We called Halloween Schowanacks-Owent which translates to mischief/pranksters evening.
No matter how far away from mainstream society we lived or, as we called it, “the people of the world”, meaning non-Mennonites, we still knew about Halloween. We hand carved a lot of pumpkins around this time of the year. Most of us would have fields of them and we called them sot- kjarps, seed pumpkins. We grew them only for the seeds and fed the rest to the pigs.
I came to Canada in July and, by the time October arrived, I had heard many people say that they love pumpkin pie or anything made from pumpkins to eat. When I finally figured out that pumpkin was sot- kjarps, I thought, “Eeww, people in Canada make pie out of pig food!”
We did eat only one kind of kjarps and that was zucchini. Any other weird looking orange kjarps we did not eat. I do not remember ever seeing squash or any other kind of kjarps in Mexico.
We had so many pumpkins that our mom didn’t mind if we made jack-o-lanterns out of them, as long as they were not scary looking. We put candles in them at night and lit them up. I don’t know where we got those ideas but I imagine my grandparents brought ideas like these from Canada.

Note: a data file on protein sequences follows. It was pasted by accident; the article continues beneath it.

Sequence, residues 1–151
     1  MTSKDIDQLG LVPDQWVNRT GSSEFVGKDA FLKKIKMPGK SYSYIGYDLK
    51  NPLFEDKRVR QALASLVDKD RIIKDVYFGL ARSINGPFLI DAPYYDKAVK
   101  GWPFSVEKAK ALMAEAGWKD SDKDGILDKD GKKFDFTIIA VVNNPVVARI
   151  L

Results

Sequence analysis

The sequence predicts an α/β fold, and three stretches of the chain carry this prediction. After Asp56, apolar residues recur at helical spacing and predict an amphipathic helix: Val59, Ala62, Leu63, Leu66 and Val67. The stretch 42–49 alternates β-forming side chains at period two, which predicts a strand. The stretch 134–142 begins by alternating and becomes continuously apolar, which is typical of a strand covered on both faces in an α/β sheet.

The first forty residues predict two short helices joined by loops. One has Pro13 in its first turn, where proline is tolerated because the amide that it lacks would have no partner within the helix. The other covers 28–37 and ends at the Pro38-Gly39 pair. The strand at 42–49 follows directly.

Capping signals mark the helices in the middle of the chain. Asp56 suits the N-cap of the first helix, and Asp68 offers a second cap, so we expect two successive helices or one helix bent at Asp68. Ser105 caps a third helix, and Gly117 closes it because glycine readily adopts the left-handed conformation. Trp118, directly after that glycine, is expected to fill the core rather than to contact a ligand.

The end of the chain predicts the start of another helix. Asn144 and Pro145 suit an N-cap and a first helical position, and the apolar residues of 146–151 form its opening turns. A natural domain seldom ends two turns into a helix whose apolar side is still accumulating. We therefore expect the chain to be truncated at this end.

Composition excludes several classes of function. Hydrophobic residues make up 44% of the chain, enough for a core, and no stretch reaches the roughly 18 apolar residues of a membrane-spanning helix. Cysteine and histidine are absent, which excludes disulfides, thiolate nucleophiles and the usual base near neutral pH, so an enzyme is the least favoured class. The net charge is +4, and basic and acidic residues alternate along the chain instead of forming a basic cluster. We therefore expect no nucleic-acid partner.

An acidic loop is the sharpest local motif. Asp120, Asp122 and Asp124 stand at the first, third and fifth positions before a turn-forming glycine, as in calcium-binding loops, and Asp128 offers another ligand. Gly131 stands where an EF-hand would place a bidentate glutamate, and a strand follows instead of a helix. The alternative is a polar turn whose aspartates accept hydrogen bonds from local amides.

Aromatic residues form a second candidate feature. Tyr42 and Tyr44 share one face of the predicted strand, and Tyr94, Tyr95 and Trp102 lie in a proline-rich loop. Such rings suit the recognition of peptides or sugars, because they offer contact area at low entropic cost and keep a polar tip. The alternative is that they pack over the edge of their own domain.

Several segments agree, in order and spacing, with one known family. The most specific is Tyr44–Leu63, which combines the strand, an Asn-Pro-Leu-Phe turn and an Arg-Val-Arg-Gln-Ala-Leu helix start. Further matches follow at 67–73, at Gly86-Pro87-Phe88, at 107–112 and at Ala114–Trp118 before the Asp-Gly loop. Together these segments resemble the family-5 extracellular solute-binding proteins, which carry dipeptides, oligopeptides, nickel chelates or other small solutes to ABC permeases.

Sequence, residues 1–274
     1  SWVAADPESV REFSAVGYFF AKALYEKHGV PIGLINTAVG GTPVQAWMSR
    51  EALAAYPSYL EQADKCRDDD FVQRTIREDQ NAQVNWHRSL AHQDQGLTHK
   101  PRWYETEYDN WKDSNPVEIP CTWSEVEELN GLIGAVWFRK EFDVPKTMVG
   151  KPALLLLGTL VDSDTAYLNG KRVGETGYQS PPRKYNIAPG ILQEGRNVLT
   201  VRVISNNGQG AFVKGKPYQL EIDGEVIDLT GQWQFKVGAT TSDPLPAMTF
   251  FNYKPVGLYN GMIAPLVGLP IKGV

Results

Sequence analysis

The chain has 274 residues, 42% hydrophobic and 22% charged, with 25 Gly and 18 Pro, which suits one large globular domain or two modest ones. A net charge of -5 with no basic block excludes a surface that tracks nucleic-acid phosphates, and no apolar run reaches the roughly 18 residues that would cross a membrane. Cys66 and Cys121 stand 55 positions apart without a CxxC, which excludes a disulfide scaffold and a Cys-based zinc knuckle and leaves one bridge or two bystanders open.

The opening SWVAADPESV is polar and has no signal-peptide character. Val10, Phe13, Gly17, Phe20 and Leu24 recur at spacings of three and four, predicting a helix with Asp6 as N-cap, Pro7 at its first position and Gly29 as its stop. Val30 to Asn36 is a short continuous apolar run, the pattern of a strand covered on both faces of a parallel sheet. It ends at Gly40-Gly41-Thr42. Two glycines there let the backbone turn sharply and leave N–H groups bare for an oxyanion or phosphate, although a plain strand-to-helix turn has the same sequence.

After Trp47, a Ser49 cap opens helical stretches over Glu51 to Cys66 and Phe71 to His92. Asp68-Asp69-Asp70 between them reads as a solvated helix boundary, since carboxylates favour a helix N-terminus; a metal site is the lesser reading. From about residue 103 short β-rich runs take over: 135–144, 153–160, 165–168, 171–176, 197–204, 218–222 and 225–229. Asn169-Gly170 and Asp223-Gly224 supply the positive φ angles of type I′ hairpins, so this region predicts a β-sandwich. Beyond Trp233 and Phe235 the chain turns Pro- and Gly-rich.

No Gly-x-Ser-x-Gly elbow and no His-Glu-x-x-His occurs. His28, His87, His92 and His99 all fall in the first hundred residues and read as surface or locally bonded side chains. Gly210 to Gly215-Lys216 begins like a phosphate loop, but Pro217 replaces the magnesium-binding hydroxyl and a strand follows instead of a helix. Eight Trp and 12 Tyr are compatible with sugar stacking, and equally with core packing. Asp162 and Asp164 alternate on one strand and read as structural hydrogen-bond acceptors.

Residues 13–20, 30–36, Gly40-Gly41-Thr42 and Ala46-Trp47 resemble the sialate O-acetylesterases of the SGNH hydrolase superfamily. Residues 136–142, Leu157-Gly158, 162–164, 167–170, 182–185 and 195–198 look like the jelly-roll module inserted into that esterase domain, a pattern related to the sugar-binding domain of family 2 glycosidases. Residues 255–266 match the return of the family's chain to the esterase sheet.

I remember hearing talks about Halloween being the devil’s night and we were not to participate in anything that had to do with that. But that didn’t stop the youth from going out on Halloween night. In my colony, the youth boys would go out and light firecrackers on the streets of the colony on Halloween night. Some girls were allowed to go too, if they had brothers that would go out with them. We did not dress up in costumes since those were not allowed.
We would go door to door and say, “Do you have something for the Schowanacka (Pranksters)?” If they didn’t, they would get some kind of trick or prank later that night, in the form of some kind of damage to their property or opening the gates to let the cattle out.
Most people, even if they didn’t want to, would give something just to keep the peace.
I remember getting a bottle of mezcal at one house and a block of Queso Mennonita Mennonite cheese at another. Some people gave out cigarettes, bottles of coca cola, chocolate and candy.